Northern Territory authorities have allowed fracking in the massive Petalu Basin gas reserve, to the ire of scientists and local Aboriginal communities.
Billions of dollars in economic benefits, thousands of jobs created: that’s what the Northern Territory government in Australia promises, which this week gave the green light to hydraulic fracturing in the Petalou Basin, a huge gas reserve the size of Brittany.
A project by Natasha Phyllis, who leads this Australian region, as a local contribution to global energy security: “it is time for the Northern Territory to provide the energy the world needs to transition to renewable energy sources,” indicate.
For the indigenous people of Nordalinge, this is very bad news
Presenting natural gas as a transitional energy towards carbon neutrality is in fact the Australian government’s startling position. For Johnny Wilson, a representative of the Nurrdalinji Aboriginal community, who lives in the Beetaloo Basin, this decision is very bad news.
“We are totally against fracking, and the government is wrong to support it. It will destroy our sacred sites, our cultural heritage and our water resources.”Johnny Wilson
Northern Territory authorities have confirmed that this controversial project, which has been subject to a moratorium in the past, will respect all recommendations contained in a parliamentary report published four years ago.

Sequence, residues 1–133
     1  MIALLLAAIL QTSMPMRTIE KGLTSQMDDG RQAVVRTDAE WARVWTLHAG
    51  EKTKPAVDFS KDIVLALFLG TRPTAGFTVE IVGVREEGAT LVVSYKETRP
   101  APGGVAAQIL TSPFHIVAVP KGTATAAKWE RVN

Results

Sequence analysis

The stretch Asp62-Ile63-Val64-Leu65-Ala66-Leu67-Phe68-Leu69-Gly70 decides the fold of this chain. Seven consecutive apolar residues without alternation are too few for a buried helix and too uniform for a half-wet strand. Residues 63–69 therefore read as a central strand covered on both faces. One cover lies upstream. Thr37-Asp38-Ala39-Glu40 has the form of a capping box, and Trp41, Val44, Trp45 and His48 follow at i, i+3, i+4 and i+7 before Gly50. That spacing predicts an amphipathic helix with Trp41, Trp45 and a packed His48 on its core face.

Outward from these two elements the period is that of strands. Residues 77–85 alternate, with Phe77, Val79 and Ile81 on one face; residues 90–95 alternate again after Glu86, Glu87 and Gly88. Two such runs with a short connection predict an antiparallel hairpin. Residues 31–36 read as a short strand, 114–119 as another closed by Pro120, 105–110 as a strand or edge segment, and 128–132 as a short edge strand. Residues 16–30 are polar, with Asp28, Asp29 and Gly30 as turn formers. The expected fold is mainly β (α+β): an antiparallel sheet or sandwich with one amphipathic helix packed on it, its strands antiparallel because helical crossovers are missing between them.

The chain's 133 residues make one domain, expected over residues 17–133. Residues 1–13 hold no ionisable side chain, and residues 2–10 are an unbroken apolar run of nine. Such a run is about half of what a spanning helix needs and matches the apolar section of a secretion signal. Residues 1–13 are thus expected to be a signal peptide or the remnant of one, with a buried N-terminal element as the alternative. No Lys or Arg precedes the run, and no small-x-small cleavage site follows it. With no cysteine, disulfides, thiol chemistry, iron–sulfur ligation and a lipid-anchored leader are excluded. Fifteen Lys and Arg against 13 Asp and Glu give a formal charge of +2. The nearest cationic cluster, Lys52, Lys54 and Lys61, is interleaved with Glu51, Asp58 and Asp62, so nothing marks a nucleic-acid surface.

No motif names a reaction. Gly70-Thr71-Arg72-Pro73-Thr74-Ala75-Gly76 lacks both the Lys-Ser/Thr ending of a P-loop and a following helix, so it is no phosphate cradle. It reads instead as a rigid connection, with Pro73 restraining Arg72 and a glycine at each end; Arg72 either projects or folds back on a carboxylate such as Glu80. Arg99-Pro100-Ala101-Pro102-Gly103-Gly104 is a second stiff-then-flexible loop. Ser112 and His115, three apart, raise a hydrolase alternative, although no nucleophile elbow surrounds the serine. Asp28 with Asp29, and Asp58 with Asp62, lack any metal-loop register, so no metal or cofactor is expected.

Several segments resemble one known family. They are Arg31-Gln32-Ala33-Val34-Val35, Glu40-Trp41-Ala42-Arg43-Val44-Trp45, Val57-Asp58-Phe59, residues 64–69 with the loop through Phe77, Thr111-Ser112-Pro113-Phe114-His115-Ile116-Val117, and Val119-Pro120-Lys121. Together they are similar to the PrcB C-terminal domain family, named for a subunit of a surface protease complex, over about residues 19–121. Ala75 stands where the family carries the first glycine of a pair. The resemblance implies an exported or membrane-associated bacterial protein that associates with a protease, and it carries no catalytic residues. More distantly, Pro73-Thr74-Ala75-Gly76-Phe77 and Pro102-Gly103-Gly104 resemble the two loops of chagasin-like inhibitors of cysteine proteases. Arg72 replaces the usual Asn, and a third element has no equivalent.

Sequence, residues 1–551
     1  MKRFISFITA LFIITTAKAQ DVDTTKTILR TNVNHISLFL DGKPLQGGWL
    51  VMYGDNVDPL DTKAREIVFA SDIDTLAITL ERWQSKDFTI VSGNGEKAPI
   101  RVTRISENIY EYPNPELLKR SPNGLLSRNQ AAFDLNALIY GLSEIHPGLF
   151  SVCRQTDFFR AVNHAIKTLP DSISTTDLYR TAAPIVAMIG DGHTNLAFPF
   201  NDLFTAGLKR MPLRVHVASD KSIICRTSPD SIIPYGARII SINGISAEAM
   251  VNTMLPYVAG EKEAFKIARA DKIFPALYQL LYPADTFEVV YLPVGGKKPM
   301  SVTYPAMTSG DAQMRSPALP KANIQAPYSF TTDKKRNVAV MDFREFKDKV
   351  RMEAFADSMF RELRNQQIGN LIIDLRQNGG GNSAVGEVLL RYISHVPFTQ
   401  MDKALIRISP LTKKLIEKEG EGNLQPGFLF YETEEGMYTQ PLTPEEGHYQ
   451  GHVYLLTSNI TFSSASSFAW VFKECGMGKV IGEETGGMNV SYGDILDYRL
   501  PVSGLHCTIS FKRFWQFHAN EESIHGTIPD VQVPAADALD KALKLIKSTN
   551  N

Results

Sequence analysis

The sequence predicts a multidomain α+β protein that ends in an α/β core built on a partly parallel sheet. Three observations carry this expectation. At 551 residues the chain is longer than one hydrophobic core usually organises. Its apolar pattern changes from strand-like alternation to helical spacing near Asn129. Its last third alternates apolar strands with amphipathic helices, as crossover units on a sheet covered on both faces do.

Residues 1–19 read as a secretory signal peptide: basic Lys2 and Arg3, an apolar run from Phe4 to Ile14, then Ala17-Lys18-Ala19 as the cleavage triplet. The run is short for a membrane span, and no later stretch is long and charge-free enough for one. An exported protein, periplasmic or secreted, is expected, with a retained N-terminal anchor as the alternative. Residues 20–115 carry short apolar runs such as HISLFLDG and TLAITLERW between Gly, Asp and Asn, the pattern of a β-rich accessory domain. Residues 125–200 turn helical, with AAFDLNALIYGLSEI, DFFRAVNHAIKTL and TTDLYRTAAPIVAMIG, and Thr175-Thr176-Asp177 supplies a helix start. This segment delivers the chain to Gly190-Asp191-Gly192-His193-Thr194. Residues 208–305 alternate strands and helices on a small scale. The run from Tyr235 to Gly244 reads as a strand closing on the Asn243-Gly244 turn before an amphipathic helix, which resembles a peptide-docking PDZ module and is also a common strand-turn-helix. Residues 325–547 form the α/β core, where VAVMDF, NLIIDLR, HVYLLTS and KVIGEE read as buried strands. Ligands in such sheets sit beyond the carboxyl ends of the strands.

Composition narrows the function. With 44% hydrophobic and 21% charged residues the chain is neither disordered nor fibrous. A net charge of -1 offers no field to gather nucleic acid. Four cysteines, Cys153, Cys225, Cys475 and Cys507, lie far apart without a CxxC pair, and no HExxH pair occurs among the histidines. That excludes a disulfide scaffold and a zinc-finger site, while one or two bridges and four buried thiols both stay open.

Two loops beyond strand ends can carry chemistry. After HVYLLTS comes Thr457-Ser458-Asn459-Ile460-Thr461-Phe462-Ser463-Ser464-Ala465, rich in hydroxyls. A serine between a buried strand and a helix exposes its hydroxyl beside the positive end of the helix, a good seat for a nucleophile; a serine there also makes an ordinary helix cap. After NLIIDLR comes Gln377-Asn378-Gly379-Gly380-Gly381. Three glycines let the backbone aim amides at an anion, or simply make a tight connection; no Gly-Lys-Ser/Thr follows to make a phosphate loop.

The federal government remains silent despite its commitments
On this point, the scientific community has serious doubts, as does Johnny Wilson, who laments that the new federal government in Canberra, despite strong commitments to combating global warming and including Aboriginal people in decision-making, has remained silent. in this time.
“The Albanian government must intervene to prevent the authorities in the Northern Territory from authorizing fracking, but also ensure that all recommendations in the Senate report on the Petalu Basin are implemented.” It’s called Johnny Wilson. “in particular, he points to, Implementation of a national plan to offset all direct and indirect emissions that this project will generate at Beetaloo.” Once operational, shale gas extraction in the Petalu Basin is expected to produce approximately 90 million tons of carbon dioxide annually.